I was reading an interesting article by psychologist Dr. Jeremy Dean on PsyBlog (The Simple Mindset That Makes Everyone Happier, All Around The World) recently. The article, drawing on academic research done by Fleeson et al., 2002 and Ching et al., 2014, suggests that:
“Acting like an extrovert — even if you are an introvert — makes people all around the world feel happier”.
It goes on to say that, even across cultures, there are real advantages and benefits to acting in an extrovert manner. Now, this doesn’t mean that we should expect to seeing people jumping around, whooping and high-fiving everyone they see to get their boost of happiness. Not at all. In fact, the article suggests that, acting like an extrovert, could be as simple as:
“smiling at a stranger or calling an old friend and feeling the difference.”
Reading the article made me wonder if there was an organisational dimension to this and whether this could be applied to the subject of proactive customer service, something I’ve written about here before.
For example, could employee happiness be given a boost if firms anticipated their customers needs and planned outreach strategies i.e. proactively contacting their customers by picking up the phone, say, to check that everything was OK with their purchase or planned trip or to find out if there was anything that they needed help with.
We know that customers value this type of service as proven by the research conducted inContact last year. Their research examined how customers reacted when contacted ‘proactively’ by companies and they found that:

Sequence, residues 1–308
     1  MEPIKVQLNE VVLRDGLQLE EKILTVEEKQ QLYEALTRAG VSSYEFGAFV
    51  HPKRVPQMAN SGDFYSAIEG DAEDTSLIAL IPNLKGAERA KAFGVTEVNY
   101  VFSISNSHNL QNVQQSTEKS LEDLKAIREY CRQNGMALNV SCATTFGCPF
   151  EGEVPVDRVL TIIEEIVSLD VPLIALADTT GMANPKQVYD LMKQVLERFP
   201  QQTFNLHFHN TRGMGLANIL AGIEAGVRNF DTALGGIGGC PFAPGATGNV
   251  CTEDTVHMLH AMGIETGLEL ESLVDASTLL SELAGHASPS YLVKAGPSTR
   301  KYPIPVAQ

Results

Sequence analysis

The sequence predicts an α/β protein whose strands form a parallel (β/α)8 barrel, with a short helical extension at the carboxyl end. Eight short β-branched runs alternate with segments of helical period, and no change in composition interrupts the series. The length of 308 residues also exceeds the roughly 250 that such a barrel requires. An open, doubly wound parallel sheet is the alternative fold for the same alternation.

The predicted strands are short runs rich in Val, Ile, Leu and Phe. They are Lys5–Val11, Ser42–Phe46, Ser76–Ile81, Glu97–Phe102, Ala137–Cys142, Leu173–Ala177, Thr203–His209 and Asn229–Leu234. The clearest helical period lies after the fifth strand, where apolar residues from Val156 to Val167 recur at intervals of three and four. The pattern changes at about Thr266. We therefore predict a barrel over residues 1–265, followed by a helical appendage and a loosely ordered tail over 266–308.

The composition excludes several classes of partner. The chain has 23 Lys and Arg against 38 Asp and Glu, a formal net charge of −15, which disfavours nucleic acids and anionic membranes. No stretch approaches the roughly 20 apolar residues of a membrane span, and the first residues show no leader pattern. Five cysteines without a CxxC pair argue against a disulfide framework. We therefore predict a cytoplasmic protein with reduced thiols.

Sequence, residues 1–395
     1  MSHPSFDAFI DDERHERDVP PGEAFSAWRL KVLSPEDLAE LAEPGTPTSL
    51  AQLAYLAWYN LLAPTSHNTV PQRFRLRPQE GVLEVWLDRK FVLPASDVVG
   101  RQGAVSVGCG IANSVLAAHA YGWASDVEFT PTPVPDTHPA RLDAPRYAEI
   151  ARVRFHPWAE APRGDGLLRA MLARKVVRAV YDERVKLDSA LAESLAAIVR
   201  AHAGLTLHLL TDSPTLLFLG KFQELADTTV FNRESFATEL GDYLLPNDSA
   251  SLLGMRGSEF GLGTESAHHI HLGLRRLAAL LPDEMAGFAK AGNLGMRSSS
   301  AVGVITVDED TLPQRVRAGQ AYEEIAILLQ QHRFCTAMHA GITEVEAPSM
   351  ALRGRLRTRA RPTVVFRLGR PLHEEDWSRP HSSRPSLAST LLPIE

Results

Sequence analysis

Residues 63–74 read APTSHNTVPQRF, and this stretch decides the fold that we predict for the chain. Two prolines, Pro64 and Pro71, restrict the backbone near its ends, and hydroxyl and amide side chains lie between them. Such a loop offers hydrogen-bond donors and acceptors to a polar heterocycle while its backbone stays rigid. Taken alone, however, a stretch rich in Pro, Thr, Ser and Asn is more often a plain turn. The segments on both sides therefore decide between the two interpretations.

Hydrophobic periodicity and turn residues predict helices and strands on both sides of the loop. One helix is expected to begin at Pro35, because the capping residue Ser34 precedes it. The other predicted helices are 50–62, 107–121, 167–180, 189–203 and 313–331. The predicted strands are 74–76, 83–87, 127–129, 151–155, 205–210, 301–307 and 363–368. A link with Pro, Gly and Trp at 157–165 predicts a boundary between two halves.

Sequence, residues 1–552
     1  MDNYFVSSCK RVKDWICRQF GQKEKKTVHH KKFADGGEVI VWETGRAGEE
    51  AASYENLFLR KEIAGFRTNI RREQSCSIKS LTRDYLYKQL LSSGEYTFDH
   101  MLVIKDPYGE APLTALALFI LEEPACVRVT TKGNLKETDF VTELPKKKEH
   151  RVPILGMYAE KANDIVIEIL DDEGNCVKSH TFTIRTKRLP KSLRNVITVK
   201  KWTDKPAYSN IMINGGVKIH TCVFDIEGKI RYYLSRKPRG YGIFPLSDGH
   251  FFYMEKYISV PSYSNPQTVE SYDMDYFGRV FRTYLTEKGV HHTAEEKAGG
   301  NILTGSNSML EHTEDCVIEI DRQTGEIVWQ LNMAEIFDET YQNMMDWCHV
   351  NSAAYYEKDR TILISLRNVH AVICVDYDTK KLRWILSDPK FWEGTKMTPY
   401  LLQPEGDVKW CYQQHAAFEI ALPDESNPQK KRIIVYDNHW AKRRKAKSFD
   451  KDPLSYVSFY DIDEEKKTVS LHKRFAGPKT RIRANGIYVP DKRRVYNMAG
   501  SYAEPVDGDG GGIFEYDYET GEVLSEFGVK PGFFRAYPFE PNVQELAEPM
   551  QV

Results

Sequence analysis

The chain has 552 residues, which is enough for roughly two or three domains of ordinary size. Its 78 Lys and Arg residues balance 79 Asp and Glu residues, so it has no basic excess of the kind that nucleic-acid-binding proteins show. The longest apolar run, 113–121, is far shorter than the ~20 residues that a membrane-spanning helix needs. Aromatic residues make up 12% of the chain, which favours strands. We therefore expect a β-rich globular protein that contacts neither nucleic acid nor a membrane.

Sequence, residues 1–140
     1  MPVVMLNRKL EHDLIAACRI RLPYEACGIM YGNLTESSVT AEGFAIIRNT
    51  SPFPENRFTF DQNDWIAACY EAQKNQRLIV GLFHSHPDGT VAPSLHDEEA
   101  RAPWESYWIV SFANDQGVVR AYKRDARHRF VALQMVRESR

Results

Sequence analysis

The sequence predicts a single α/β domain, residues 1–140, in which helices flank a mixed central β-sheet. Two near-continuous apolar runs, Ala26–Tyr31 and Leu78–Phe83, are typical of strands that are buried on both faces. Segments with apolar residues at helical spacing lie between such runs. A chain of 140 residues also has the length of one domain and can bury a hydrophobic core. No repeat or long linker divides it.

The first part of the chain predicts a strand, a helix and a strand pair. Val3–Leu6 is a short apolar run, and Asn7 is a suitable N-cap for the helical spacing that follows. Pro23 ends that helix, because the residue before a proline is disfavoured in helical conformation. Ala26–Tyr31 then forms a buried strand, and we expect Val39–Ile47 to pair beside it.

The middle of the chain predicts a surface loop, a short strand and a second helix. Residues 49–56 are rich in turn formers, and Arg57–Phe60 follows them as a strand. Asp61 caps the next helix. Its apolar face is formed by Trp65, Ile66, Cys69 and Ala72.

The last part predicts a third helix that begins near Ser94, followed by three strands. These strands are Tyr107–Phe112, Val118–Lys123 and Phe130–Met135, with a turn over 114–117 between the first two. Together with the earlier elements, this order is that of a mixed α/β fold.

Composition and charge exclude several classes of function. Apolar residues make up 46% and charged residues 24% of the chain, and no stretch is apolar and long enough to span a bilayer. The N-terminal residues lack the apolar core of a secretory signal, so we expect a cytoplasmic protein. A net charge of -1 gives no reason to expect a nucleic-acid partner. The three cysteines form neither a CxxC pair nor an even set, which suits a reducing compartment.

But, the benefits are not limited to improvements in customer relationships. Aspect, a leading fully-integrated contact center management software provider, in a recent whitepaper, articulates four reasons why a proactive customer service strategy makes good and complete business sense:
So, why don’t more organisations adopt this type of strategy and why are many still stuck in reactive customer service mode?
Is it that some businesses struggle with anticipating their customer needs? Is it that the culture of the organisation is introvert?
Regardless of the challenges, we know that customers want and value anticipatory or proactive customer service. We also know that helping your employees to be more extrovert can help them be happier.
In light of this new research, doesn’t it add more evidence to the case for a proactive customer service strategy. One that helps employees be more extrovert and helps them get a happiness boost. But, also one that, in turn, makes the business’ customers happier, more valuable and more loyal too.
Sounds like a real win win.
Why wouldn’t you do it? Too shy?
This post was originally published on my Forbes.com column here.